TUTORIAL - Traditional Pencil Shading Technique - by Icey (NUDITY)

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Old 02 February 2007   #31
infamae - Thanks a lot! Glad to see romanians browsing this forum. Aa... o kestie mica - mi-ai zis machu crezand ca sunt Machu de pe VA?... Sau chiar stii ce varsta am? Cheers!



demented - Thanks d! You're on a great road yourself! I'm happy to be a moderator on SOFA... It is such a great place to learn a lot of things. Best wishes, bro!



aliasali - I'm sorry about this problem... I hope you've managed to see them. If not, just PM me and i'll send you the links to the images.



Blessing - Thank you! I will post more - just have to take the time to start a new tutorial... Glad to be of any help!



Ravmaster - I've used mechanical pencils - a 0.7 HB (or B… not quite sure) and a 0.5 2B - for blacker areas



neeko - Thanks a lot! I'm flattered to see you have your first post in my thread!





Hope i'll be back soon with another tutorial. Thank you all for taking the time to check my thread! Feel free to ask any questions!


Icey
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Old 02 February 2007   #32
Man that was an awesome insight on your process & workflow; Short and sweet yet chock full of information.
I will most definately show this to show my students next lecture!

Great addition to the community
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Old 02 February 2007   #33
Beautiful pencil work! Thank you for sharing your techniques! Looking at your work makes me want to dig up dust off my pencils. I look forward to your next tutorial!
 
Old 02 February 2007   #34
Wow. This is the kind of level I hope to get to someday. Thanks for putting up the walkthrough. I'll study it some more and see if I can apply it to my own stuff.
 
Old 02 February 2007   #35
Icey

that's a really great tut!

I have one remark though and I think it's really important:

when drawing we are creating the illusion of placing a 3D subject on a 2D platform (paper, canvas, etc)...

Everything that is white (as in not shaded) can be concidered flat.
A really good drawing will have almost no or even no parts that are not shaded at all...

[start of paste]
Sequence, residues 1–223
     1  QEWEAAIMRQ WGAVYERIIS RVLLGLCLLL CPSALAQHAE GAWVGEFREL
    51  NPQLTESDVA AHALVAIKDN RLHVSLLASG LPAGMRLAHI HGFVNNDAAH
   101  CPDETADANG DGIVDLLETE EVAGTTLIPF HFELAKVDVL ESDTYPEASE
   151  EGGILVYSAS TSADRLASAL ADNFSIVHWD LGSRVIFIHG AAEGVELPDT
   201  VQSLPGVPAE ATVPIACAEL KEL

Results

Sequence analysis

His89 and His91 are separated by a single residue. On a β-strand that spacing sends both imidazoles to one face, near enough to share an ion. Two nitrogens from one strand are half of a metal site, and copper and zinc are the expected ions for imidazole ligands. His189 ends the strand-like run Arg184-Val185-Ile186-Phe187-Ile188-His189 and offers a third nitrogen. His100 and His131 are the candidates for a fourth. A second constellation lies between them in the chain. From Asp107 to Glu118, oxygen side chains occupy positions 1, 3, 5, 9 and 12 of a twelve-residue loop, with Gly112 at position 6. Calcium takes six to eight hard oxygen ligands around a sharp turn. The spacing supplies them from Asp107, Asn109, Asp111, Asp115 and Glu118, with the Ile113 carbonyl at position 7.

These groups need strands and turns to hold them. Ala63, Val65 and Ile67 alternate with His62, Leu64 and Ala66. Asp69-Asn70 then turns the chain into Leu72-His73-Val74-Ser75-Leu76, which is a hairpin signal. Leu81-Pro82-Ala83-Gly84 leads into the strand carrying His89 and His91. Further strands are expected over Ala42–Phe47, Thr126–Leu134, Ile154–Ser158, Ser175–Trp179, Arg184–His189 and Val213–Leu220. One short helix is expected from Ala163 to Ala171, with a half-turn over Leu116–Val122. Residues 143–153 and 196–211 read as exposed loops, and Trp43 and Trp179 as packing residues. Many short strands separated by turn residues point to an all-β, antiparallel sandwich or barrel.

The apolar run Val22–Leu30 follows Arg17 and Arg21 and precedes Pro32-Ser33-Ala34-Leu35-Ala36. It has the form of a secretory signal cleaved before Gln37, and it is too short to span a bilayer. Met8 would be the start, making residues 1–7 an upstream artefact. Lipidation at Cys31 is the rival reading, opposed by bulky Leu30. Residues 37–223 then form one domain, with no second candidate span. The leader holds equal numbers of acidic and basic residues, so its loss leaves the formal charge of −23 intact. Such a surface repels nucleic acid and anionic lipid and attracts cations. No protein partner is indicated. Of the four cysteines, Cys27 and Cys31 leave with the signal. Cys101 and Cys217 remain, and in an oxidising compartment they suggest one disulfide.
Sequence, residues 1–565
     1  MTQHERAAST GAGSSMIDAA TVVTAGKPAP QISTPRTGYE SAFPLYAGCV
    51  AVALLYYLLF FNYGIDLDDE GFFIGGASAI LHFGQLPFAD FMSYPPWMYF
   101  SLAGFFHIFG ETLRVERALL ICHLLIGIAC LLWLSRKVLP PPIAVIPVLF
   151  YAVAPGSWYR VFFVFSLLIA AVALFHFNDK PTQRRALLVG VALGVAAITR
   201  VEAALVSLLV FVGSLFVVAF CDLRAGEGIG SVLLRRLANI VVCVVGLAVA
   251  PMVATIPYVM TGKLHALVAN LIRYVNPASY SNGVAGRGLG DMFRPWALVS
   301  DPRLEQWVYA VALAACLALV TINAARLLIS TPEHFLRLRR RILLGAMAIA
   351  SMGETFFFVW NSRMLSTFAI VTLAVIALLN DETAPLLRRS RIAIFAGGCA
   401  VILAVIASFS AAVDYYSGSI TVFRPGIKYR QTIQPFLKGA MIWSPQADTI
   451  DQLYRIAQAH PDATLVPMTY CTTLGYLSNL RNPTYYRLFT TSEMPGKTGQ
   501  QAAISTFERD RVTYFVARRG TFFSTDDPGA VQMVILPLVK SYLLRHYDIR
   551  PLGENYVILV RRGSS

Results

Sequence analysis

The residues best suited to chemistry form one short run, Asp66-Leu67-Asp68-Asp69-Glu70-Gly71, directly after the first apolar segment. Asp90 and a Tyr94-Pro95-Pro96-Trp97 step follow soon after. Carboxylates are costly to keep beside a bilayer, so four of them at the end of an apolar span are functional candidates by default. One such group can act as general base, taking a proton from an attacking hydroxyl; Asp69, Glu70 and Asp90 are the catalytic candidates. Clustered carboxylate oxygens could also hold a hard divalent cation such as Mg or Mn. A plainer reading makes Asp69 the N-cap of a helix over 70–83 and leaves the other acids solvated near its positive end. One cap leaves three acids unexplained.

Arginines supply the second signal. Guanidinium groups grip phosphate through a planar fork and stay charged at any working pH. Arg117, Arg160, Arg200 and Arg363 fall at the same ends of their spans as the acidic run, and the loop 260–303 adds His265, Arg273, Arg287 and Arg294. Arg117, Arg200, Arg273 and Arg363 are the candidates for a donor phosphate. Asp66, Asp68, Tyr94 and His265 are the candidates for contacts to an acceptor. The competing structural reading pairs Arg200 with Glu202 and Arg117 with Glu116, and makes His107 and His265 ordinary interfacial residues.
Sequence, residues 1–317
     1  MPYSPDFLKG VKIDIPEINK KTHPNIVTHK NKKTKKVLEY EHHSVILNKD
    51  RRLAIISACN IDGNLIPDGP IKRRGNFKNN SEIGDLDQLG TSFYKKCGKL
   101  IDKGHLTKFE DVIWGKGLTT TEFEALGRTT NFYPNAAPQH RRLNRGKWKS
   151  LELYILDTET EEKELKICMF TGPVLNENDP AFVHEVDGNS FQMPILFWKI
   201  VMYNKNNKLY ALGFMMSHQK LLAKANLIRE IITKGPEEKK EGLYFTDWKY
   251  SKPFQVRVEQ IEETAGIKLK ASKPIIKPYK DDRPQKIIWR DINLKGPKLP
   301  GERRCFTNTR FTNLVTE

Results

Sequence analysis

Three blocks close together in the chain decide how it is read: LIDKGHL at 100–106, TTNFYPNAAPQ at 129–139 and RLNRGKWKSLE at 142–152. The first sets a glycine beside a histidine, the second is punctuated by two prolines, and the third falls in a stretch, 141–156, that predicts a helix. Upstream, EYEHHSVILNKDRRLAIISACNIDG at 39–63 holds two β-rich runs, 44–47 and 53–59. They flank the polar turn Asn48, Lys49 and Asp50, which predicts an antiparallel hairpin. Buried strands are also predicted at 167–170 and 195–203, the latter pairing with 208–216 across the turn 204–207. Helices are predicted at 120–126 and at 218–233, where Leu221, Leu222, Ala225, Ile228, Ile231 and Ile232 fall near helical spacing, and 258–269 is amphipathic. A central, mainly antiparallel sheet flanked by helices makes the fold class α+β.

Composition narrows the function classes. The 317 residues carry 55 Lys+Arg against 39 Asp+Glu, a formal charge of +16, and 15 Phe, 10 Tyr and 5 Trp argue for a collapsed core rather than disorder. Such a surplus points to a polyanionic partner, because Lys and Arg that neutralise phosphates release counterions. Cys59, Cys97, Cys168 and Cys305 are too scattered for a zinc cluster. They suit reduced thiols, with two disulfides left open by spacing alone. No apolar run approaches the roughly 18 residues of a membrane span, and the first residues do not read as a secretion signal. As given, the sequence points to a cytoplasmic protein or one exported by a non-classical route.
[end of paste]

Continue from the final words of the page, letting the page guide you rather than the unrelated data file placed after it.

But maybe the lightest shades in your drawings you show here got lost in the scans (I know that is a problem I'm having myself), so forgive me for mentioning but I think everyone who reads the tutorial should realize this. It's something that is often not mentioned because it seems so obvious...
 
Old 03 March 2007   #36
Blacklion - i'm honoured to hear that. I'll be back with something solid soon.



Aviva - thank you. You should do that! You should dust off your pencils because it's a wonderful feeling using them



Asatira - hope you'll find this stuff useful. If you work hard you'll get even better, trust me!



NR43 - first of all thank you for dropping by! You are giving me a hard time answering that! hmm... Well, you are quite right about that. But the human mind works pretty well with imagination. As you've said, everything is 2D, even the 3D models, even a photo. A white spot is as flat as a black spot, but artists have used this method of getting rid un unnecessary details and gaining impact by shading a lot of their shapes, just letting the brain figure the rest of it. And the truth is that the human mind does this thing pretty good!

Of course, everybody is free to do as they please. They don’t need to know that they have to shad everything so that the drawing won’t look flat. If they fallow this rule they’ll risk flatting the whole image, as I’ve done in the past. What they need is to find something that works for them. And I mean aesthetically first of all, so that they enjoy the result, understand the result and achieve what they had in mind.

I'll be back soon with a new step/by/step -tutorial stuff....
thank you all!
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Old 06 June 2007   #37
Man great tutorial! i'll have to practice this my self later!
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Old 09 September 2007   #38
a siberian tiger sketch

Ok my first post and my first sketch on cgforum.
Reference image http://www.boneclones.com/BC-008.htm



click for particular

I don't manipulate in psd because this pc is old, but i must clean up because all my sketch are dirty :P i apologise for the scan and for my english.

scan in 600dpi.
All critics or comments are welcomes!

Last edited by EKOes : 09 September 2007 at 10:44 PM.
 
Old 09 September 2007   #39
theblackmage - hello! Glad to heve inspired you. Drawing is a lot of fun! Use the advices, don't copy the drawing

EKOes - Hello!
Welcome to this forum I'm glad your first post is on this thread.
Your image is pretty good! Depth and sense of 3D space works just fine. More will come with practice.
What i can add to help is that the linework - the early sketch before shading - tells you a lot about the final drawing. You can try to vary the thickness of the line according to your light and shadow – thicker on the shaded areas – for example around eye sockets – and thinner on the lighted ones. Leaving this type of marks really helps you a lot in understanding the next step of the drawing better. You can try several line-drawings with no shading, see how it goes All that matters is that you’re having fun – and trust me… it gets better and better the further you advance with your skills
One more thing… Just let your hand slide on the paper… let the hand do what the brain wants, and do not interfere in your thoughts…. With your thoughts. Don’t rush out for erasers if you done something wrong, but double and triple the line… The human brain chooses the shapes he finds best suitable with his taste, and that’s a huge advantage! So if you’re trying to draw a circle for example, don’t just use a single line, because you won’t get something round on a first try, but draw several ones and let the brain choose the right pass.

Cheers! Hope this helps you a little!

Icey